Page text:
2022 SUZUKI GSX-S1000 | Bike Tests
Suzuki has updated its affordable GSX-S1000 for 2022, but not to the level of its supernaked rivals. And that just very well may be the key to its success
The 2022 Suzuki GSX-S1000 is more of a tweak than a complete overhaul. The GSX-S1000’s engine, whose roots can be traced back to the almost legendary GSX-R1000 K5 (you can read about the K5 here), is now Euro-5 compliant, it revs an extra 1000rpm and, although quoted peak torque is down, Suzuki assures us the torque curve is smoother and fatter than previously.
Capacity, bore and stroke, compression are the same with new camshafts, camchain and valve springs, along with a new slipper clutch and exhaust the most significant changes. There’s also new electronics, new dash, up-and-down quickshifter as standard and conventional traction control with more refinement – not forgetting bold new looks.
That might not sound like a gigantic leap in development, and without any lean-sensitive rider aids, it is behind the competition in terms of technology, but it will be priced accordingly when Suzuki Australia unleash it early next year – the reduced level of technology will almost definitely mean a significant saving for you and me.
The end result is an increase from 110kW (147.8hp) at 10,000rpm to 112kW (149.8hp) at 11,000 – not a huge step. Peak torque is down from 108Nm at 9500rpm to 106Nm at 9250rpm, but the all-important torque curve is now smoother, with a noticeable increase in the mid-to-high rpm range.
The great news for Suzuki fans is that this latest nakedbike sounds a little old school, and makes that charismatic induction noise of older GSX-R1000s. I’ve always liked the sound of inline four-cylinders out of Hamamatsu – it sounds meaty. And in an era when bikes are being muffled more than ever, it’s refreshing to hear.
There are three straightforward riding modes to choose from which change the engine character and power curves, but still give full power. The modes have always been called A, B, and C but now someone in marketing has decided to turn them into words; Active, Basic and Comfort. Suzuki has in the past been criticised for having sharp or aggressive fuelling, but that has been mainly rectified on the new 2021 model.
A, or Active, is still a little too sharp and I’m unsure why you would ever need it. Some riders may prefer a snappy throttle, but I opted for the softer B mode on both the road and the track. C… sorry, Comfort offers a clear change, and would be ideal for inexperienced riders, or when conditions are tricky or running in new rubber. But I spent 95 percent of my time on the bike in B, or Basic mode.
The change in peak power between the old and new bike is hardly measurable, but the change in torque is. I was nicely surprised by the drive from the four-cylinder GSX-R1000-derived engine. Low-end torque has increased a fraction, but it’s the midrange that was inspiring. It drives like a bike with a larger capacity and with real grunt – I like it. On occasions, I flicked back a few gears on the now standard up-and-down quickshifter for a brisk overtake when it really wasn’t necessary.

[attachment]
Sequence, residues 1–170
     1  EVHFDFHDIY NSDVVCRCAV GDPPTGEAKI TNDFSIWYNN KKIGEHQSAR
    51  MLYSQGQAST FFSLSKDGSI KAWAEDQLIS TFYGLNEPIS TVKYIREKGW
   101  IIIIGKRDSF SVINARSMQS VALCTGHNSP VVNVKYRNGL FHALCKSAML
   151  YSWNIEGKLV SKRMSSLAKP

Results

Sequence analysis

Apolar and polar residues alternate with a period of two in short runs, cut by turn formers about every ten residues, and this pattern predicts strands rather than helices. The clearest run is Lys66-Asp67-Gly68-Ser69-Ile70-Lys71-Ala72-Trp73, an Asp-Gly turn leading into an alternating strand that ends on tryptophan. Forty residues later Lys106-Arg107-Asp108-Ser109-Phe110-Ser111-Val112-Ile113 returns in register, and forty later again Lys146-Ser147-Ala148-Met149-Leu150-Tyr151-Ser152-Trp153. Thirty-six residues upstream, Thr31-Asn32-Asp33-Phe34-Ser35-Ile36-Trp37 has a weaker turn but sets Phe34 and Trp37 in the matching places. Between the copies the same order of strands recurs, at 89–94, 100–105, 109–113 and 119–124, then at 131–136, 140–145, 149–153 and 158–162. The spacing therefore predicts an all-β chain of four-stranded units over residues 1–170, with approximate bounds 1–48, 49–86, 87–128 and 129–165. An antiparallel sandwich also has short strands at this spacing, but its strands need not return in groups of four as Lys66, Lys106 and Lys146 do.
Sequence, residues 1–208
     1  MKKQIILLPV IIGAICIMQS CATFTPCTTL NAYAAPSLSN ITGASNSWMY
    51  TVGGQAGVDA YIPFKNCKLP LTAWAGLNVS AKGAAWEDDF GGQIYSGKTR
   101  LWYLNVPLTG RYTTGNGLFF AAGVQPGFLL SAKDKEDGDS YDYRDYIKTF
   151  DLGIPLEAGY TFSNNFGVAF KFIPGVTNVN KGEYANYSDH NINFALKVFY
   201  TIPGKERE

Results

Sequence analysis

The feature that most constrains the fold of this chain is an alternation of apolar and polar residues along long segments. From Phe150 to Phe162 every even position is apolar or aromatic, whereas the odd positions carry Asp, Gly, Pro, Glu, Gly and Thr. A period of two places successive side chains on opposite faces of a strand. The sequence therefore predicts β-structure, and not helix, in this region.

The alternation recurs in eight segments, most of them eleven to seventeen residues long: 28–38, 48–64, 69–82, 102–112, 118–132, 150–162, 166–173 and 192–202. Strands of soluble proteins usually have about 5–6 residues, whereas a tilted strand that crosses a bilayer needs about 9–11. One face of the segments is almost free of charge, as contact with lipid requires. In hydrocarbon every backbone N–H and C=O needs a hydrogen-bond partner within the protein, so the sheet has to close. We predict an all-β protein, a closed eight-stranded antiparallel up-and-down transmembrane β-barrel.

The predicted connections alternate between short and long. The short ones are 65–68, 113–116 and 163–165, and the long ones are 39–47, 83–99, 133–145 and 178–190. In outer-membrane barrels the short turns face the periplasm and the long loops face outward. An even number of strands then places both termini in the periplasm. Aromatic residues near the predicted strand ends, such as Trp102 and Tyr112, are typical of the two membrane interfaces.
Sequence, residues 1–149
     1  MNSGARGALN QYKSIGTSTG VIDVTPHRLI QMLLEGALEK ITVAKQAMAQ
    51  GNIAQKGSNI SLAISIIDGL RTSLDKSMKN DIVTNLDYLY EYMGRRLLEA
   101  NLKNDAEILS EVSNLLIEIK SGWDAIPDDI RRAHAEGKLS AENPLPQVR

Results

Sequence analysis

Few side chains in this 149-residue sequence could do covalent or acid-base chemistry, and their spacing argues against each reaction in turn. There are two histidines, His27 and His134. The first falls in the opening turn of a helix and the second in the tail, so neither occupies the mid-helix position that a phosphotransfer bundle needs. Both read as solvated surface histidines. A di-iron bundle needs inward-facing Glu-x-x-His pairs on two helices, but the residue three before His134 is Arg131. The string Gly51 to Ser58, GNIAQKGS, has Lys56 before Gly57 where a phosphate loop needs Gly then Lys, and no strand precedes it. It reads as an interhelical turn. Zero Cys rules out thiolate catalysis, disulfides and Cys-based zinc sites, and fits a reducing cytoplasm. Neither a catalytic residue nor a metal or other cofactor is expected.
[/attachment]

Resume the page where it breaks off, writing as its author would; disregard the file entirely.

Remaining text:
The quickshifter works smoothly and again is an added bonus on the 2021 model. Ride the torque, drink in the charismatic exhaust note – for a Euro-5 compliant bike, it doesn’t sound half bad – and have fun.
If you want to get your head down and chase your mates on their far less comfortable sportsbikes, the GSX-S1000 will deliver. It now revs 1000rpm higher to its soft rev limiter, and is quicker than I was anticipating. I’m unsure why, but I didn’t think it would be this grunty, but then I remember what the old GSX-R1000 K5 was like and that even in today’s world, 112kW is still more than enough.
With the traction control deactivated, which can be done on the move, a whiff of clutch will send the front wheel skywards in the first two gears, and even in third with some aggression. The no-nonsense engine makes this a fun, usable bike – happy to drive along using its torque, or hang onto much sportier machinery (should you chose to risk your licence).
My ride was split into two parts. A brisk 160km road component on a real mixture of roads, followed by numerous runs up the notorious 1.45km Harewood Hill Climb, with a combination of 11 tight turns. That was a courageous move by Suzuki to send the big GSX-S up the demanding hill on standard suspension settings and Dunlop Sportmax Roadsport 2 rubber, which is new for this year. We didn’t even lower the tyre pressures or change the suspension, just threw on some race leathers and went for it.
Out on the road, I’m in a happy place. The fully adjustable 43mm KYB fork feels controlled, the rear shock is behaving. The suspension on the 2021 model is the same as the previous model, but with revised settings to take the extra weight and torque, and the improved grip offered by the new Dunlop rubber. At normal speeds I have very few complaints, taking the picturesque but demanding roads with ease.
It’s only when you start to enjoy the full power, that the suspension’s limitations become more apparent. The showroom settings work effectively during normal riding, and the front set-up is rather impressive, especially considering the price tag. But hit some undulations at speed, and the rear shock sits like an obedient dog. Throw in some fast, bumpy corners and you can feel it working overtime. It’s never loose, but you’re aware you’re close to the limits. Though it’s only when you ride aggressively that you find the limitations of the rear shock.